- As a result of these changes, our legal sector has come a long way in a short time.
- In 2007, we had about 60 foreign law firms in Singapore; that has gone up to 110 as of early this year.
- There were 630 foreign lawyers in 2007; we now have more than 1000.
- Eight of the world’s top ten law firms by revenue have a presence here.
- If you compare, for example, the growth in the number of foreign law practices – Hong Kong had 56 in 2007 and 72 this year – this suggests a strong international recognition of Singapore as a primary gateway for that first concentric circle.
- And we expect these numbers to continue to grow.
- We intend to take further steps to make sure we stay at the forefront in this field.
- If I could illustrate my points by taking arbitration as an example:
- We have a completely liberalised regime.
- We believe that the only way to become an international arbitration centre is to make sure clients have completely free choice, and are able to choose arbitrators from any jurisdiction, as well as counsel from any jurisdiction, to arbitrate in Singapore.
- Also, Chinese and Indian legal and business entities increasingly promote Singapore as the dispute-resolution venue when a neutral venue and law are needed – and that goes for most of the rest of Asia as well.
- Singapore is now recognised as the leading international arbitration centre in Asia.
- Discounting local arbitrations, construction-related disputes and domain name disputes, and focusing on pure international commercial arbitrations, Singapore is the clear leader.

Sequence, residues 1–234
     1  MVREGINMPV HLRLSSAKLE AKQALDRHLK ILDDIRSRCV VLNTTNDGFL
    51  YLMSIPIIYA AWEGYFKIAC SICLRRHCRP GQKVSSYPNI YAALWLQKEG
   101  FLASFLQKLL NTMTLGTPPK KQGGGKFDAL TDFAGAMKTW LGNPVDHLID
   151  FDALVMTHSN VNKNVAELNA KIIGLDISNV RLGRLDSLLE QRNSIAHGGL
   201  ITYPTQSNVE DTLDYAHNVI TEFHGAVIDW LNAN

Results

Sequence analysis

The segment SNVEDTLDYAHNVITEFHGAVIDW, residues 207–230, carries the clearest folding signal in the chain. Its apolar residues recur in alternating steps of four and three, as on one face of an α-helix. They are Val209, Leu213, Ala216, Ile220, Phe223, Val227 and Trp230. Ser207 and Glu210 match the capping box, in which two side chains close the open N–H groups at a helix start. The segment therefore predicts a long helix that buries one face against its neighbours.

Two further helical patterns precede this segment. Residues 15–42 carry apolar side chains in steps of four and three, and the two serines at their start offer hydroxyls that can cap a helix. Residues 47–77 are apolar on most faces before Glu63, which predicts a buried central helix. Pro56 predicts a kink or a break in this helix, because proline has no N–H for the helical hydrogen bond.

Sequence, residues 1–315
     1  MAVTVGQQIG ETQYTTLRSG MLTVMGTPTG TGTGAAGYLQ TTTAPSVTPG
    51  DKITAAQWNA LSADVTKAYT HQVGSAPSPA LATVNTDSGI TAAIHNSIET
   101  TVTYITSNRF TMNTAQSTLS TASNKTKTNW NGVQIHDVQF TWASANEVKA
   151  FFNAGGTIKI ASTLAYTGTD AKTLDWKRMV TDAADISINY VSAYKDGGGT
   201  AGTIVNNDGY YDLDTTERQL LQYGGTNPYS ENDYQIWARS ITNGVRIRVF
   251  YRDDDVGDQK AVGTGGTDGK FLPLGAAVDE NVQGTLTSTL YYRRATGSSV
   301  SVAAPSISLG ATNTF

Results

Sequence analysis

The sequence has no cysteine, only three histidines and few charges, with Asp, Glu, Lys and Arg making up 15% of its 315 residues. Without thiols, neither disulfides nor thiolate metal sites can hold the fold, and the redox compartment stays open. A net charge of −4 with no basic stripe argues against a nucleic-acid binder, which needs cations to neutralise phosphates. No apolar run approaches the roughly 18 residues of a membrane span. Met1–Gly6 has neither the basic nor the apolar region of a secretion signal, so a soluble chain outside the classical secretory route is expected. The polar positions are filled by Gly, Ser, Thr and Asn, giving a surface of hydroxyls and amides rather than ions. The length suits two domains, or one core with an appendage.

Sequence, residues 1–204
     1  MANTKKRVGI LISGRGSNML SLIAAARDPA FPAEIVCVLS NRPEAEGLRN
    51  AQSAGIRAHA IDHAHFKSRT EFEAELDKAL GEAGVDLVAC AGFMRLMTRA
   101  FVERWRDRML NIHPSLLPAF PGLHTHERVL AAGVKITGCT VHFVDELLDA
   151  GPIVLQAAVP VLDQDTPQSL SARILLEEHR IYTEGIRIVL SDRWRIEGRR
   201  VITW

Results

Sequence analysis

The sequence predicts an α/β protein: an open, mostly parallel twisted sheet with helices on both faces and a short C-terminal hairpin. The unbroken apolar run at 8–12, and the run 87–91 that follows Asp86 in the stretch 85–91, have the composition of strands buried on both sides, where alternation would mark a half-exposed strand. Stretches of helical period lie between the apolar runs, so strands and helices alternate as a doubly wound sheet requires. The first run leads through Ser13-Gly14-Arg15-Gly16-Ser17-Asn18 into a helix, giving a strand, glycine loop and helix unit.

- According to a 2010 White & Case International Arbitration Survey, Singapore is “ clearly… the most popular Asian seat” and the third most preferred by corporations (tied with Paris and Tokyo, after London and Geneva).
- We will hold the International Council of Commercial Arbitration (ICCA) Congress in June this year.
- The key reasons why our approach has put Singapore on the international arbitration map are that we:
- allow lawyers from any place in the world to appear in Singapore for arbitration cases;
- have a legislative framework that incorporates international best practices and that we keep changing to ensure relevance;
- have a judiciary that is respected and that has a philosophy of supporting arbitration and respecting party autonomy;
- have a business-friendly environment.
- We also have the hardware, Maxwell Chambers, which is the world’s first – and, I believe, so far only – integrated dispute resolution centre, designed with state-of-the-art facilities focused on arbitration.